Ryan Easby

Kingdom Come: Review

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Kingdom Come is an utter masterpiece. It’s quite simply astounding in literally every department. I don’t think I’ve ever seen something quite so beautiful and I’ve seen Blade Runner 2049 in 4K.

I know I’m probably rambling on and gushing about a comic far more qualified and more intelligent people than me have poured affection over, but it bears repeating: Kingdom Come is one of the best and most intelligent pieces of work to come out of one of the greatest storytelling mediums known to man.

The team of Alex Ross and Mark Waid bring this piece to life magnificently, with a painted art style throughout the entire book. Then again it IS Ross and Waid, one of the best writer/artist teams in comic book history, so what was to be expected? Ross is known for his wonderful painted art styles, as can be seen in his seminal work on Marvels, which was basically Marvel’s answer to this comic.

So, for anybody who hasn’t read Kingdom Come, you’re probably wondering what all the fuss is about. Well, for starters, this is the level of quality you can expect from every single page of this comic.

It’s so vivid, so well painted that you can almost feel the life oozing from this one image. That is what the very best comics do, they make you believe in their worlds, their universes and their characters. Alex Ross is absolutely wonderful.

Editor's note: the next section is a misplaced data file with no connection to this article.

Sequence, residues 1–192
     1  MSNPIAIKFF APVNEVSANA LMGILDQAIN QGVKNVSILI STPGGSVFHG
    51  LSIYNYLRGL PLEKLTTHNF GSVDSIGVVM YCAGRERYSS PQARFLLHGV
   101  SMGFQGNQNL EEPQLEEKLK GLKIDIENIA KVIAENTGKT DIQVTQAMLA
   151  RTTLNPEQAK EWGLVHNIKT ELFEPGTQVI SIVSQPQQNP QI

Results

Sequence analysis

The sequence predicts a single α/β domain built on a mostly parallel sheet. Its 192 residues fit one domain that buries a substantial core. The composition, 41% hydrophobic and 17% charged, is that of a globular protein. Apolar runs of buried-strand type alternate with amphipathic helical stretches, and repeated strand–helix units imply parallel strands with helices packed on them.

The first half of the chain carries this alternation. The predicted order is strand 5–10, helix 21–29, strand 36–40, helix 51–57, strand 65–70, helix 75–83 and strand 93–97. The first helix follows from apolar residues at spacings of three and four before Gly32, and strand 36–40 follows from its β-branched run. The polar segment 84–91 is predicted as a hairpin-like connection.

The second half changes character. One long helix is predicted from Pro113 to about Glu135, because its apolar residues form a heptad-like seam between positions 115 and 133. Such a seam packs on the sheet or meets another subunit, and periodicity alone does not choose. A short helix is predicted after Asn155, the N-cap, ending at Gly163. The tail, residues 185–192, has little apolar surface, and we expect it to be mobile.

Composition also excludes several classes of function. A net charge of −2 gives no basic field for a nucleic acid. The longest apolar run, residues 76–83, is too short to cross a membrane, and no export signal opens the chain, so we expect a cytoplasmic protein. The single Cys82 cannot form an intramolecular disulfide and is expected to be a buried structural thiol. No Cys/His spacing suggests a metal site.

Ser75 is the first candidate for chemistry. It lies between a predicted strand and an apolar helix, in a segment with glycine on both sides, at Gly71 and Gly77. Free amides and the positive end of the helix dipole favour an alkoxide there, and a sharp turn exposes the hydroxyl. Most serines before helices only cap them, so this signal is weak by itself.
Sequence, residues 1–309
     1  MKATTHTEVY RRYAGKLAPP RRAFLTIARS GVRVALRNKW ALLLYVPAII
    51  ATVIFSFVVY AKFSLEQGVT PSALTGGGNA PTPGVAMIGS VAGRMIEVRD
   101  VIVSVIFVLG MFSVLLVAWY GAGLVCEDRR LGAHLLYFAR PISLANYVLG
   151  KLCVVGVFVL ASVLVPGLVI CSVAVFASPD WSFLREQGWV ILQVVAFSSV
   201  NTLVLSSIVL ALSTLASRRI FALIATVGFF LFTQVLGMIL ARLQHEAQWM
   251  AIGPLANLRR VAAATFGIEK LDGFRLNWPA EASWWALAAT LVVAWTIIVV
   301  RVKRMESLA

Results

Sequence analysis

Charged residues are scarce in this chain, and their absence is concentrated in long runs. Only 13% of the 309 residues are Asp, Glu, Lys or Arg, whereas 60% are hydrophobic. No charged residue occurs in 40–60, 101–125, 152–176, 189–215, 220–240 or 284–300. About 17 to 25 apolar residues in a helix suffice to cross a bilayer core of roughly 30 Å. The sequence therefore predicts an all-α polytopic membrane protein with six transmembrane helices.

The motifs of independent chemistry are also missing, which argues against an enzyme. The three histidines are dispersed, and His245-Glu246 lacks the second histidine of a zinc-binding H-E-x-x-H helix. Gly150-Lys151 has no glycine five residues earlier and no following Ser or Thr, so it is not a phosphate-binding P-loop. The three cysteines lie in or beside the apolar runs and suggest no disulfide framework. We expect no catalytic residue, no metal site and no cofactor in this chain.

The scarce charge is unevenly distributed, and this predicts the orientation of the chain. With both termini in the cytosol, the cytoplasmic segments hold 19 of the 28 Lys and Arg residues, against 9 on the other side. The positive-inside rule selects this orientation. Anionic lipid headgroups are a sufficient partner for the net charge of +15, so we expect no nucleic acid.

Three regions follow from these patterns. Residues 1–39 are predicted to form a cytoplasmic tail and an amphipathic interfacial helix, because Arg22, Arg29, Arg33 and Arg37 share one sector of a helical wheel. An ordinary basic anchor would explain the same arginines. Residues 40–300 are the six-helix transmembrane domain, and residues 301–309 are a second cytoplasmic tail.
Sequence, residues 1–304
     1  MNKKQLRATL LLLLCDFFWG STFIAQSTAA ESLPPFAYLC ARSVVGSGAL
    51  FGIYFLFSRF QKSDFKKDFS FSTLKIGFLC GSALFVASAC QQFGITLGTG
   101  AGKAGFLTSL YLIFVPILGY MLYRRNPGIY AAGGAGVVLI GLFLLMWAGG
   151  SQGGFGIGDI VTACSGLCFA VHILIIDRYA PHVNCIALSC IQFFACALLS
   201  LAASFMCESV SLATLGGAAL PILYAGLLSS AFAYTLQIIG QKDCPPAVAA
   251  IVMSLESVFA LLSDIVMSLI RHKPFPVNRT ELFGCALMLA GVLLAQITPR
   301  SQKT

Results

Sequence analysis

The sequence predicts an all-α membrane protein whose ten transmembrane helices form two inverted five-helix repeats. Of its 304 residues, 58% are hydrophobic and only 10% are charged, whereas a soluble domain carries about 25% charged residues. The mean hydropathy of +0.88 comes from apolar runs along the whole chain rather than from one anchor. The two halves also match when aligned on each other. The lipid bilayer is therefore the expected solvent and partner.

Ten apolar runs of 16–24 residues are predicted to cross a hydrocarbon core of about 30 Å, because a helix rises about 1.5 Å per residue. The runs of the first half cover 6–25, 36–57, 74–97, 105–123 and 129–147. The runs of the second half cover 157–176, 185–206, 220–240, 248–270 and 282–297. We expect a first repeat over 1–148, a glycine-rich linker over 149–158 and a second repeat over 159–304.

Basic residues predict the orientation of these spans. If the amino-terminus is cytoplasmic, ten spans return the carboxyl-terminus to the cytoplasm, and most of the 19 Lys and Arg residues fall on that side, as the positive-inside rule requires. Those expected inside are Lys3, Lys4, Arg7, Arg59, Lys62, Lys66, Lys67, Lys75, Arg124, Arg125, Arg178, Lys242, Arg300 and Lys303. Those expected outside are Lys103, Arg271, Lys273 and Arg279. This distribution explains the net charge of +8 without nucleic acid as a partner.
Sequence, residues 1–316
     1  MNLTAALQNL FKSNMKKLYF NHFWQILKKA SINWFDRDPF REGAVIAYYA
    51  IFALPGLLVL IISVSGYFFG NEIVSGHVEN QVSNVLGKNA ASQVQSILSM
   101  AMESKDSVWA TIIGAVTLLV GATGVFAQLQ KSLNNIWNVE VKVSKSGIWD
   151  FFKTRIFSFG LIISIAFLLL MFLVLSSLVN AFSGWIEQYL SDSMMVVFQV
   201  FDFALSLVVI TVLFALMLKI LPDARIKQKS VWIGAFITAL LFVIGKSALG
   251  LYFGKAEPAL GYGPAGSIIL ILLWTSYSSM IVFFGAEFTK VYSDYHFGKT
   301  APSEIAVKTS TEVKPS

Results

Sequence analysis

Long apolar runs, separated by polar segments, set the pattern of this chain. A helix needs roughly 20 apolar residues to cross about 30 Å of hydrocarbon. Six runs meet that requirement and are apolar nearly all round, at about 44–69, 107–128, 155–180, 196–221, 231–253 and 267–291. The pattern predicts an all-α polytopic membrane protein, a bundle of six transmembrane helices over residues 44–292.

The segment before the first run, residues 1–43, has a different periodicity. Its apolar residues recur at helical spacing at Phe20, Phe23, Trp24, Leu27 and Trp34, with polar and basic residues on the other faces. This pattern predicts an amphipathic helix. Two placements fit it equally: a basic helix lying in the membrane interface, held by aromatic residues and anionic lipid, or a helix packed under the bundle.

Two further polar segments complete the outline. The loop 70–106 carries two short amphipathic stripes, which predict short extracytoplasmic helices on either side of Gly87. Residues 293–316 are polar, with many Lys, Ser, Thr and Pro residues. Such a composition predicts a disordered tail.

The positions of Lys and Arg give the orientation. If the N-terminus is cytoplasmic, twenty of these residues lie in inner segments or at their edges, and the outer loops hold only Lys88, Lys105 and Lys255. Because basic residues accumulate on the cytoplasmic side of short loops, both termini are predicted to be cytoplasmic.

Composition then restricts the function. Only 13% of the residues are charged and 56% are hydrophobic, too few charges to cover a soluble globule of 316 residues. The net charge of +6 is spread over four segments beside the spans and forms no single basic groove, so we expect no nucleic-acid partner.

Speaking of characters, this is the purest representation of what Superman is. He represents America, and that comes with every single flaw that America might have. He bears the brunt of his failures upon his back and he takes them all personally because he sees himself as above the rest of humanity. This version of Superman is all that and more, he’s lost almost everything he cares about and put himself into isolation, allowing the next generation of Superheroes to take over. However, that’s where things begin to go wrong.

The future generation cannot be trusted and are much more destructive than the original era of Superheroes. They’ve got all of the power, yet none of the morals. And so it is up to Superman and a newly reformed Justice Society Of America to save the world.

But they go too far.

Superman becomes almost dictator-like and, representing fears of society at the time of publishing, the Government doesn’t like this. So they start a war, a war with Superman that causes so much destruction and death with no real result.

Batman, who is now a cripple thanks to the unveiling of his identity and the destruction of his entire home, comes out of retirement to try to stop Superman for good. A massive battle ensues between the heroes and the Government panics and fires Warheads, attempting to stop them from going too far and destroying the world.

As it stands, that’s a pretty basic plot summation of Kingdom Come, without delving into the deeper themes of Age VS Youth, Paranoia and the evolution of man. Without spoiling too much, the ending is absolutely beautiful and such a perfect culmination to a saga about war and broken friendships.

10/10